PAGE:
Tuesday, January 19, 8545

Pedro de Soto (b. c. 1545) - Renaissance Organ

[World's Oldest Organ, c. 1435, Switzerland]

Pedro de Soto (b. c. 1545)

Entrada Real (c. 1575)
(Renaissance Organ, Church of Santa Maria, Darocca, 1562)

Until the mid-1400's, most large organs had no stop controls. Each manual controlled many ranks at multiple pitches. This large number of ranks was called the Blockwerk.

Around 1450, controls were designed that allowed the ranks of the Blockwerk to be played individually. These devices were the forerunners of modern stop actions.

Some of the higher-pitched ranks of the Blockwerk remained grouped together under a single stop control; these stops developed into mixtures.

During the Renaissance and Baroque periods, the organ's tonal colors became more varied.

Organ builders fashioned stops that imitated various instruments, such as the krumhorn and the gamba. The Baroque period is often thought of as organ building's "golden age," as virtually every important refinement was brought to a culminating art.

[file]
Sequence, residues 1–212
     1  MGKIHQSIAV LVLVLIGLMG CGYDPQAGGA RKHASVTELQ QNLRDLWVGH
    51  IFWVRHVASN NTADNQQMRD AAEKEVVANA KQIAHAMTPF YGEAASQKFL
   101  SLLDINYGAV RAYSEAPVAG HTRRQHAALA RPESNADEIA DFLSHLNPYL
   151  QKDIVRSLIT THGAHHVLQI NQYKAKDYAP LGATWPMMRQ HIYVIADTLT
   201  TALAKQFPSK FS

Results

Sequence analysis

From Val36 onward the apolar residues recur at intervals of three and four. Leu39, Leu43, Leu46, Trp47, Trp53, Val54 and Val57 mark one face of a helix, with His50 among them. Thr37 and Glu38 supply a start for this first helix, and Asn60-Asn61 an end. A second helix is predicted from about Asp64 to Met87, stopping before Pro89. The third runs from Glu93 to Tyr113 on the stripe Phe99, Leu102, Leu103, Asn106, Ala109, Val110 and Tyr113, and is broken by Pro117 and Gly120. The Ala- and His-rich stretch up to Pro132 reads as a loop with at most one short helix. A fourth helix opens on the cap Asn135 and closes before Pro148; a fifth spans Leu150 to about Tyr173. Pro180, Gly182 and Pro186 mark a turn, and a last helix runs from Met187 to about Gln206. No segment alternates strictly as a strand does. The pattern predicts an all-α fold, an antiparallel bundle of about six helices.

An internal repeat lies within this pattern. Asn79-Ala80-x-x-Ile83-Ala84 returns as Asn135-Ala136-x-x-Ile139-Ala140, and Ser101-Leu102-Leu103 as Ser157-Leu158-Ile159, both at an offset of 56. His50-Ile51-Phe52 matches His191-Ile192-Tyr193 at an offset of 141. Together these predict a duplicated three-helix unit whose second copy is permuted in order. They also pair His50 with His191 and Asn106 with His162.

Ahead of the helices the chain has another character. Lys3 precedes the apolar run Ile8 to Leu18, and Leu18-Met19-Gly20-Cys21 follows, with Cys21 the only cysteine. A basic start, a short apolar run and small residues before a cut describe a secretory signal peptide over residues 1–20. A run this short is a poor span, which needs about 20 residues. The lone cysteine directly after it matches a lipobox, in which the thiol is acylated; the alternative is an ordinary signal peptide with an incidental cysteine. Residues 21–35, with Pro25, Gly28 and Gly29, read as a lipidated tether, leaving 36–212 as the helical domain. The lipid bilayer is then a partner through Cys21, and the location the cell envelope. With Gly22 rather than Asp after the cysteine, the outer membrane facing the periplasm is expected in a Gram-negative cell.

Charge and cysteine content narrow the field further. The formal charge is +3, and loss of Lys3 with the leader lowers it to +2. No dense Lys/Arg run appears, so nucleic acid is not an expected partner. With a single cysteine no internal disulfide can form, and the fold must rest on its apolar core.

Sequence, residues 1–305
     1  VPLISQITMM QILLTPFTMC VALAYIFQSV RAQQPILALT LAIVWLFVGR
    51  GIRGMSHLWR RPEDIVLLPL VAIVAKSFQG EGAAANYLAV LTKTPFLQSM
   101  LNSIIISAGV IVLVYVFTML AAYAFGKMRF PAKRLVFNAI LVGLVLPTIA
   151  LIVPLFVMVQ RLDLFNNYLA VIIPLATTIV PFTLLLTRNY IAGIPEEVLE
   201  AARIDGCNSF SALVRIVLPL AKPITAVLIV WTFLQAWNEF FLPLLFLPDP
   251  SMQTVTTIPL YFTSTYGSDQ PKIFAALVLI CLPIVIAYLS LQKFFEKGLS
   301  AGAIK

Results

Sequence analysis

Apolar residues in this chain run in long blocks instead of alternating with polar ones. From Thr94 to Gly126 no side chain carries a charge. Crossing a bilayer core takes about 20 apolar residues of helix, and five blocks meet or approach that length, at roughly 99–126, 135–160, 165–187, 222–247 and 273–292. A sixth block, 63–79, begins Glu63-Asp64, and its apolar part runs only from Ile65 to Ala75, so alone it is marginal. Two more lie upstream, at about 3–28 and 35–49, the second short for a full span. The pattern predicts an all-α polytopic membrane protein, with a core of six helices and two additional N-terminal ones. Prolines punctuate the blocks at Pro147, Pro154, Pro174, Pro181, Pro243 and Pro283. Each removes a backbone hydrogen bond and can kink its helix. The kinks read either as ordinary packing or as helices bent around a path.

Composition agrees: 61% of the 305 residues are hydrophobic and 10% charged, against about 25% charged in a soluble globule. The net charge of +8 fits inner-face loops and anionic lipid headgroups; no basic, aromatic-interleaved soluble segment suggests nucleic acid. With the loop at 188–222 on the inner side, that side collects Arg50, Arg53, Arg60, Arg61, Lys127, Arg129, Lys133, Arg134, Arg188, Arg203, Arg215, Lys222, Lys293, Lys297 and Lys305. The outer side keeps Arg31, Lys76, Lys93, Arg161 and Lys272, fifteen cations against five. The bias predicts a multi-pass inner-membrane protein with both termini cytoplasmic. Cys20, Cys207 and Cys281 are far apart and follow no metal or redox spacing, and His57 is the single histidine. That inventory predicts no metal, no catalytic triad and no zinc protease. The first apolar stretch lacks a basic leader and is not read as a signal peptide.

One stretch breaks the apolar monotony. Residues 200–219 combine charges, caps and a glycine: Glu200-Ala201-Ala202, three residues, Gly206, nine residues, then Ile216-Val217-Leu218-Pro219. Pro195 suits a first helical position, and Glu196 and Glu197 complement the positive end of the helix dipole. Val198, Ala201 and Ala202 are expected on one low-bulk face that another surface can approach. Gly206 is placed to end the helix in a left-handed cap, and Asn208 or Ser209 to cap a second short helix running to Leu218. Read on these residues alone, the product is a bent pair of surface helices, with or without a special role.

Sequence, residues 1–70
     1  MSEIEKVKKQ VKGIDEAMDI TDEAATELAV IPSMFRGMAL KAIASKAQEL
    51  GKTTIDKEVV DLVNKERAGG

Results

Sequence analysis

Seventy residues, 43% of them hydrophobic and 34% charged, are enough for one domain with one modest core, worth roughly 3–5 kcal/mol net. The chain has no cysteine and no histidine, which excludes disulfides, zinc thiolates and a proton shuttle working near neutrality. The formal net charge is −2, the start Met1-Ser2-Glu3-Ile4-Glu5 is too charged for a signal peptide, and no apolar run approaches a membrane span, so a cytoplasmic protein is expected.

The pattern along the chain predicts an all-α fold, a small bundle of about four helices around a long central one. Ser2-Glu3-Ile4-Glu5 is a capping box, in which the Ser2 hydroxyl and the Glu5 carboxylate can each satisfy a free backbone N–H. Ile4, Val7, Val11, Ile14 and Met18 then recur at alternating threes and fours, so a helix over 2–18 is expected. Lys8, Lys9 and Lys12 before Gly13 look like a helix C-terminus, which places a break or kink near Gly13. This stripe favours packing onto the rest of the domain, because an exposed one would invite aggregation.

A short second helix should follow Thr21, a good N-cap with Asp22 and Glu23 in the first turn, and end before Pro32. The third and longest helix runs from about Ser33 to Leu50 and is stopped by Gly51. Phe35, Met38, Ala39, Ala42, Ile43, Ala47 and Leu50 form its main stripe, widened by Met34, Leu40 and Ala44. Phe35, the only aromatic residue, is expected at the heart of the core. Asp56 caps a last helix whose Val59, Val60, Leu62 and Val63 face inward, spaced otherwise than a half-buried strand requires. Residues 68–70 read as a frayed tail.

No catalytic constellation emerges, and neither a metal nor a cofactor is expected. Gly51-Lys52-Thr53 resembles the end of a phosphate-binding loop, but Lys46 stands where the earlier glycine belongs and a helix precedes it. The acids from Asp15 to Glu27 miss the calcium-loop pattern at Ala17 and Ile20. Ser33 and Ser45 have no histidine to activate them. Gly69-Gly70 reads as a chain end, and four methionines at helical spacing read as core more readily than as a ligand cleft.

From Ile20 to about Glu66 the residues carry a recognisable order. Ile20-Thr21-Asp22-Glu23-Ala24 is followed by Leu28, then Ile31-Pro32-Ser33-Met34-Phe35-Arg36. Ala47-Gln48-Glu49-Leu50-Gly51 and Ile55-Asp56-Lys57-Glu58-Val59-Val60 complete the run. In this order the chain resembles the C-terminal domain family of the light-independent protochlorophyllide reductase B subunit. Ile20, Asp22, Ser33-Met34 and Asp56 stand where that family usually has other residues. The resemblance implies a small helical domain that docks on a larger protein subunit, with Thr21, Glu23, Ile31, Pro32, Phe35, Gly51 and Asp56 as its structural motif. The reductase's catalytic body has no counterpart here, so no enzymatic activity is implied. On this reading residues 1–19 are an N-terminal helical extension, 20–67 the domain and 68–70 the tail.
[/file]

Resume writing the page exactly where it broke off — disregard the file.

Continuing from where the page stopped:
Builders such as Arp Schnitger, Jasper Johannsen, and Gottfried Silbermann constructed instruments that were in themselves artistic masterpieces, displaying both exquisite craftsmanship and beautiful sound. All of these organs featured well-balanced mechanical key actions, giving the organist precise control over the pipe speech. Schnitger's organs featured particularly distinctive reed timbres and large Pedal and Rückpositiv divisions.

[8548 Aymara / 8545 Pedro de Soto / 8543 Byrd]